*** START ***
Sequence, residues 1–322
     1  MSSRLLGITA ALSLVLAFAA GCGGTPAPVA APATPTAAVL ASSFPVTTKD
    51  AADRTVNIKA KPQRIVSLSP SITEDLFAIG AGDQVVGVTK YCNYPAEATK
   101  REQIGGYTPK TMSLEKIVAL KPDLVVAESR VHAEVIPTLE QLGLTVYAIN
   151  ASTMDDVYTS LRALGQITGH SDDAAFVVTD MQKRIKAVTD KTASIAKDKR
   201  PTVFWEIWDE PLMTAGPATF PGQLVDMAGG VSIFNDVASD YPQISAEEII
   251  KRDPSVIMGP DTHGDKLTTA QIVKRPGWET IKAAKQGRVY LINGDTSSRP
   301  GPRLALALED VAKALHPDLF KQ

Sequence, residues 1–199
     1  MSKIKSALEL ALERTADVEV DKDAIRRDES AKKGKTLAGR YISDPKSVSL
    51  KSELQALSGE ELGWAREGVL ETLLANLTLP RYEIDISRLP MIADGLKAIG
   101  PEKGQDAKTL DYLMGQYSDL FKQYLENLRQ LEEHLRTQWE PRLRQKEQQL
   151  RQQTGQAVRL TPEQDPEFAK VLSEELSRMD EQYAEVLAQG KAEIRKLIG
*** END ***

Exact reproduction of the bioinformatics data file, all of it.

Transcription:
Sequence, residues 1–322
     1  MSSRLLGITA ALSLVLAFAA GCGGTPAPVA APATPTAAVL ASSFPVTTKD
    51  AADRTVNIKA KPQRIVSLSP SITEDLFAIG AGDQVVGVTK YCNYPAEATK
   101  REQIGGYTPK TMSLEKIVAL KPDLVVAESR VHAEVIPTLE QLGLTVYAIN
   151  ASTMDDVYTS LRALGQITGH SDDAAFVVTD MQKRIKAVTD KTASIAKDKR
   201  PTVFWEIWDE PLMTAGPATF PGQLVDMAGG VSIFNDVASD YPQISAEEII
   251  KRDPSVIMGP DTHGDKLTTA QIVKRPGWET IKAAKQGRVY LINGDTSSRP
   301  GPRLALALED VAKALHPDLF KQ

Sequence, residues 1–199
     1  MSKIKSALEL ALERTADVEV DKDAIRRDES AKKGKTLAGR YISDPKSVSL
    51  KSELQALSGE ELGWAREGVL ETLLANLTLP RYEIDISRLP MIADGLKAIG
   101  PEKGQDAKTL DYLMGQYSDL FKQYLENLRQ LEEHLRTQWE PRLRQKEQQL
   151  RQQTGQAVRL TPEQDPEFAK VLSEELSRMD EQYAEVLAQG KAEIRKLIG